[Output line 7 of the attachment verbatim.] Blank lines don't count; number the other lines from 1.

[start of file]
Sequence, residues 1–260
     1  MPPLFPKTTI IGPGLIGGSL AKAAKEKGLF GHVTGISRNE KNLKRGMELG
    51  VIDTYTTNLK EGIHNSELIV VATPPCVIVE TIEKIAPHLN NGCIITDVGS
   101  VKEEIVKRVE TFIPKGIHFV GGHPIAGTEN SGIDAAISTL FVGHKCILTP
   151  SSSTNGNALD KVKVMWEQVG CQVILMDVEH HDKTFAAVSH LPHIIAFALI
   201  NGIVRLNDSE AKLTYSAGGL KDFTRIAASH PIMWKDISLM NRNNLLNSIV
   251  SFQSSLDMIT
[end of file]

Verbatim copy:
   251  SFQSSLDMIT